"This has been going on for weeks now, and every week there has been a new development with this, it's not a good look for the Government."

Coupled with other issues, Prime Minister Jacinda Ardern has had a rough week in politics.

"This week has also seen questions around the stability of the coalition Government and that relationship with NZ First.

"The prime minister goes into this weekend having cancelled her media appearances on some big political TV shows including TVNZ1’s Q+A.

"She says that is because of a diary scheduling era, but on Sunday she is making a big speech on her Government’s first year," Bradford says.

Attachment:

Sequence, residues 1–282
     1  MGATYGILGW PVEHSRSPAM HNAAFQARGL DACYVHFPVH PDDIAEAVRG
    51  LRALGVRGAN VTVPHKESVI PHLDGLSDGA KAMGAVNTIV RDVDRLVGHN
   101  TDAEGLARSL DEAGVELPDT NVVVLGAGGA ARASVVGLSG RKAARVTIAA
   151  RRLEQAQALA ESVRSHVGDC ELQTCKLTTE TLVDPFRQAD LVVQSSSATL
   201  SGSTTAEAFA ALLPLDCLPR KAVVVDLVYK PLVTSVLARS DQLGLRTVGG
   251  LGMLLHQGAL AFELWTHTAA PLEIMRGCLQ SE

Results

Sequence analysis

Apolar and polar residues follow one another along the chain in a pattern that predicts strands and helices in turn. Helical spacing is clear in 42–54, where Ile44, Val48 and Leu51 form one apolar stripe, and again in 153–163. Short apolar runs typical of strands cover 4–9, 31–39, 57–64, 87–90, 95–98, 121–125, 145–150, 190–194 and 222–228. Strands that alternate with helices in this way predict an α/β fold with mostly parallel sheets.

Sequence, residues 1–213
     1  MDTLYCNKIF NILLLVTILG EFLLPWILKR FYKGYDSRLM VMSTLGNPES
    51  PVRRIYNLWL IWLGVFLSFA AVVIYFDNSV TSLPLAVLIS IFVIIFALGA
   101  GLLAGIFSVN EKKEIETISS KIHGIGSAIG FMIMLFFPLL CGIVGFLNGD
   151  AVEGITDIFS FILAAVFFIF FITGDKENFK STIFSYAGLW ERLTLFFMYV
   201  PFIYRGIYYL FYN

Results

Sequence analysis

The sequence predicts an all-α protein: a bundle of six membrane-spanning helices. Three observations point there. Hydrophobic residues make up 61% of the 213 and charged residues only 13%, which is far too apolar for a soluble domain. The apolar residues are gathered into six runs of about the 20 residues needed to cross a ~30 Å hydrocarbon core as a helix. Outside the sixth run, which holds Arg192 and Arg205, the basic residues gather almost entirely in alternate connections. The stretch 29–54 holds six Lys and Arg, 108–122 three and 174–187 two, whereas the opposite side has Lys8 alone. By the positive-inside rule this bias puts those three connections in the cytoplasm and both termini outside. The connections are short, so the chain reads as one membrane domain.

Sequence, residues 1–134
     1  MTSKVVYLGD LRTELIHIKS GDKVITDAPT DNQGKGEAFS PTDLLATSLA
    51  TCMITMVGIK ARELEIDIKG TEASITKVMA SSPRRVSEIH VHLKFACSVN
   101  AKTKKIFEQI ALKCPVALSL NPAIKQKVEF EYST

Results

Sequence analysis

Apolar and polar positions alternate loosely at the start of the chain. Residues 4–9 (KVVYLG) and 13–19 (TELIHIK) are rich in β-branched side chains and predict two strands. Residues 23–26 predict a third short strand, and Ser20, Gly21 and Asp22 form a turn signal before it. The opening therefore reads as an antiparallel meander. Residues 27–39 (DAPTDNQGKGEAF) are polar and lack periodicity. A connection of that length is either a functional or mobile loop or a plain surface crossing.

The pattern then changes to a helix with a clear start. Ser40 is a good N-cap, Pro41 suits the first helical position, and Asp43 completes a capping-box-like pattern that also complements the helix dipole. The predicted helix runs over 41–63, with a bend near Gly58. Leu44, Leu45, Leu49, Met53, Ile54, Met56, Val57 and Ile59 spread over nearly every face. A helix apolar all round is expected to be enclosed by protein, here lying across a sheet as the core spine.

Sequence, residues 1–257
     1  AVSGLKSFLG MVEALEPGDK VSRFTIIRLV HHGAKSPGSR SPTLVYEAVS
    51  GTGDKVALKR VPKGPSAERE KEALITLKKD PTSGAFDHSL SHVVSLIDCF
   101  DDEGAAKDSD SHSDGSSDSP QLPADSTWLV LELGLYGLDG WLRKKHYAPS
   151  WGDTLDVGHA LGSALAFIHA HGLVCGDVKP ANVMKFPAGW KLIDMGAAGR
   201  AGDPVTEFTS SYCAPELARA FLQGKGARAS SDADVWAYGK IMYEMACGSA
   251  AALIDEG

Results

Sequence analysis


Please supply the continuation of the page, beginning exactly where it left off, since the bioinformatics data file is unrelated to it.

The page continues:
When asked if she was not appearing due to a tough few weeks, Ms Ardern said "absolutely not". Source: 1 NEWS

When asked if she was not appearing due to a tough few weeks, which saw Clare Curran resign from her Ministerial positions and MP Meka Whaitiri stand down while an investigation is pending, Ms Ardern said "absolutely not".

"There's no question I remain very much available for comment on any issue of the day."

From the Clare Curran saga to coalition rifts, the pressure is on Prime Minister Jacinda Ardern. Source: 1 NEWS

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Elderly woman in critical condition after being run over by reversing car in Palmerston North

An elderly woman is in a critical condition after being run over by a reversing car in Palmerston North this morning.

Police say she was run over by a car reversing from a driveway on Grey St, Palmerston North at 11am.

She is currently in a critical condition at Palmerston North Hospital.

Police say members of the public and the driver of the car assisted the woman at the scene.